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Mabanag vs.

Vito (GR L-1123, 5 March 1947)


Mabanag vs. Vito
[GR L-1123, 5 March 1947]
En Banc, Tuason (J): 3 concur, 1 concur in separate opinion, 2 dissent in separate opinions, 1
filed separate opinion
Facts: Three senators and eight representatives had been proclaimed by a majority vote of the
Commission on Elections as having been elected senators and representatives in the elections
held on 23 April 1946. The three senators were suspended by the Senate shortly after the opening
of the first session of Congress following the elections, on account of alleged irregularities in
their election. The eight representatives since their election had not been allowed to sit in the
lower House, except to take part in the election of the Speaker, for the same reason, although
they had not been formally suspended. A resolution for their suspension had been introduced in
the House of Representatives, but that resolution had not been acted upon definitely by the
House when the petition for prohibition was filed. As a consequence these three senators and
eight representatives did not take part in the passage of the congressional resolution, designated
"Resolution of both houses proposing an amendment to the Constitution of the Philippines to be
appended as an ordinance thereto," nor was their membership reckoned within the computation
of the necessary three-fourths vote which is required in proposing an amendment to the
Constitution. If these members of Congress had been counted, the affirmative votes in favor of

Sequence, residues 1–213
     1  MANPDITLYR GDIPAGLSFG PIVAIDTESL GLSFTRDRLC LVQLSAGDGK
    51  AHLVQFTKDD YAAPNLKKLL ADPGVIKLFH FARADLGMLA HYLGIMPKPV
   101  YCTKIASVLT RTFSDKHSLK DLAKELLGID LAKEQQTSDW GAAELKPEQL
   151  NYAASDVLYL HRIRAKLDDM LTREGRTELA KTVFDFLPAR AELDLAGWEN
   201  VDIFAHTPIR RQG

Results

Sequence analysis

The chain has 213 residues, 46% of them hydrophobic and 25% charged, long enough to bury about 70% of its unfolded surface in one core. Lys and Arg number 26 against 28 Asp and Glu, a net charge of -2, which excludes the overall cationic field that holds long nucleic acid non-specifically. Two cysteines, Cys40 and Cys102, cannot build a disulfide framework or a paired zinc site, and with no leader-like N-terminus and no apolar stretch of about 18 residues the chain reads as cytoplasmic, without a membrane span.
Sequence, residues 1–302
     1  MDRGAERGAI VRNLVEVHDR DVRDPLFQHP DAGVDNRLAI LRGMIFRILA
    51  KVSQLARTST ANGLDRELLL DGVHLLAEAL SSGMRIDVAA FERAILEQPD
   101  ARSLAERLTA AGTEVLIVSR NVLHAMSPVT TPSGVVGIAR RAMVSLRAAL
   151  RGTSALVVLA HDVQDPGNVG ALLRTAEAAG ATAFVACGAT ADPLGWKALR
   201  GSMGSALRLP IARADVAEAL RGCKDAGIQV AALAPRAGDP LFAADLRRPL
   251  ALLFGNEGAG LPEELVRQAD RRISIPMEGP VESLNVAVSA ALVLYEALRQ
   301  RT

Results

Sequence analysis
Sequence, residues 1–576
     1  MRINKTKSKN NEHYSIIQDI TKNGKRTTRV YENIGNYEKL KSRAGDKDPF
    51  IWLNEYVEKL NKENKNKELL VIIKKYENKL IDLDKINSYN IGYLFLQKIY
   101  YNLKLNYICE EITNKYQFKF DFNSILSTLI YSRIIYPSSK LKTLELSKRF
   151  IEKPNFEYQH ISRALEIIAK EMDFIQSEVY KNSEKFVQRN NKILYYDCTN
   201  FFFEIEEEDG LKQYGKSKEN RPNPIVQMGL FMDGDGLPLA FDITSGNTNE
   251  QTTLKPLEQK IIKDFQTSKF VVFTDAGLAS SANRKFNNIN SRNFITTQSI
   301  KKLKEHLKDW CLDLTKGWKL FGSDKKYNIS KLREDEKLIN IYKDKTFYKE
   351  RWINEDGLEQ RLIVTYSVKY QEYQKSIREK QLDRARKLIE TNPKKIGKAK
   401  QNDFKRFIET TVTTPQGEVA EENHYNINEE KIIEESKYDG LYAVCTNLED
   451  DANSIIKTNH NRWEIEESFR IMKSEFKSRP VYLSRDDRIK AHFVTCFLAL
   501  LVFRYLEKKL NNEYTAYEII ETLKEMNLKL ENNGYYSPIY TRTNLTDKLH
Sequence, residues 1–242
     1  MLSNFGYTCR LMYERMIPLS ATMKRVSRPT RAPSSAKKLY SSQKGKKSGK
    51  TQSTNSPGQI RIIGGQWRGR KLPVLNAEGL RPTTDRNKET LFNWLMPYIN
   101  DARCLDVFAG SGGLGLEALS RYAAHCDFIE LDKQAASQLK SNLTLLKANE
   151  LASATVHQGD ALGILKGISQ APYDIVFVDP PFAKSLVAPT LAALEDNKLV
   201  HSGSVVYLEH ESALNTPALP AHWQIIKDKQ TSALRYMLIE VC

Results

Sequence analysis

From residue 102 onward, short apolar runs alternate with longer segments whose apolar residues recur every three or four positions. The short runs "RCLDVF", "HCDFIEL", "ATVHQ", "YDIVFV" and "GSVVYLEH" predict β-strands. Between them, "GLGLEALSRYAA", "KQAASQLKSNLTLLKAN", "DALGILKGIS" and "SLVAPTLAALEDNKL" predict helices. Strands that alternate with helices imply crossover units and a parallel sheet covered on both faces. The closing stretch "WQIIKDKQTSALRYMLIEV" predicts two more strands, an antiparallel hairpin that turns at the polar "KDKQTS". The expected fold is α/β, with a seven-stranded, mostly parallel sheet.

the proposed amendment would have been short of the necessary three-fourths vote in either
branch of Congress. The petition for prohibition sought to prevent the enforcement of said
congressional resolution, as it is allegedly contrary to the Constitution. The members of the
Commission on Elections, the Treasurer of the Philippines, the Auditor General, and the Director
of the Bureau of Printing are made defendants. Eight senators, 17 representatives, and the
presidents of the Democratic Alliance, the Popular Front and the Philippine Youth Party.
Issue: Whether the Court ma yinquire upon the irregularities in the approval of the resolution
proposing an amendment to the Constitution.
Held: It is a doctrine too well established to need citation of authorities, that political questions
are not within the province of the judiciary, except to the extent that power to deal with such
questions has been conferred upon the courts by express constitutional or statutory provision.
This doctrine is predicated on the principle of the separation of powers, a principle also too well
known to require elucidation or citation of authorities. The difficulty lies in determining what
matters fall within the meaning of political question. The term is not susceptible of exact
definition, and precedents and authorities are not always in full harmony as to the scope of the
restrictions, on this ground, on the courts to meddle with the actions of the political departments
of the government. If a political question conclusively binds the judges out of respect to the
political departments, a duly certified law or resolution also binds the judges under the "enrolled
bill rule" born of that respect. If ratification of an amendment is a political question, a proposal
which leads to ratification has to be a political question. The two steps complement each other in
a scheme intended to achieve a single objective. It is to be noted that the amendatory process as
provided in section I of Article XV of the Philippine Constitution "consists of (only) two distinct
parts: proposal and ratification." There is no logic in attaching political character to one and
withholding that character from the other. Proposal to amend the Constitution is a highly
political function performed by the Congress in its sovereign legislative capacity and committed
to its charge by the Constitution itself. The exercise of this power is even in dependent of any
intervention by the Chief Executive. If on grounds of expediency scrupulous attention of the
judiciary be needed to safeguard public interest, there is less reason for judicial inquiry into the
validity of a proposal then into that of a ratification.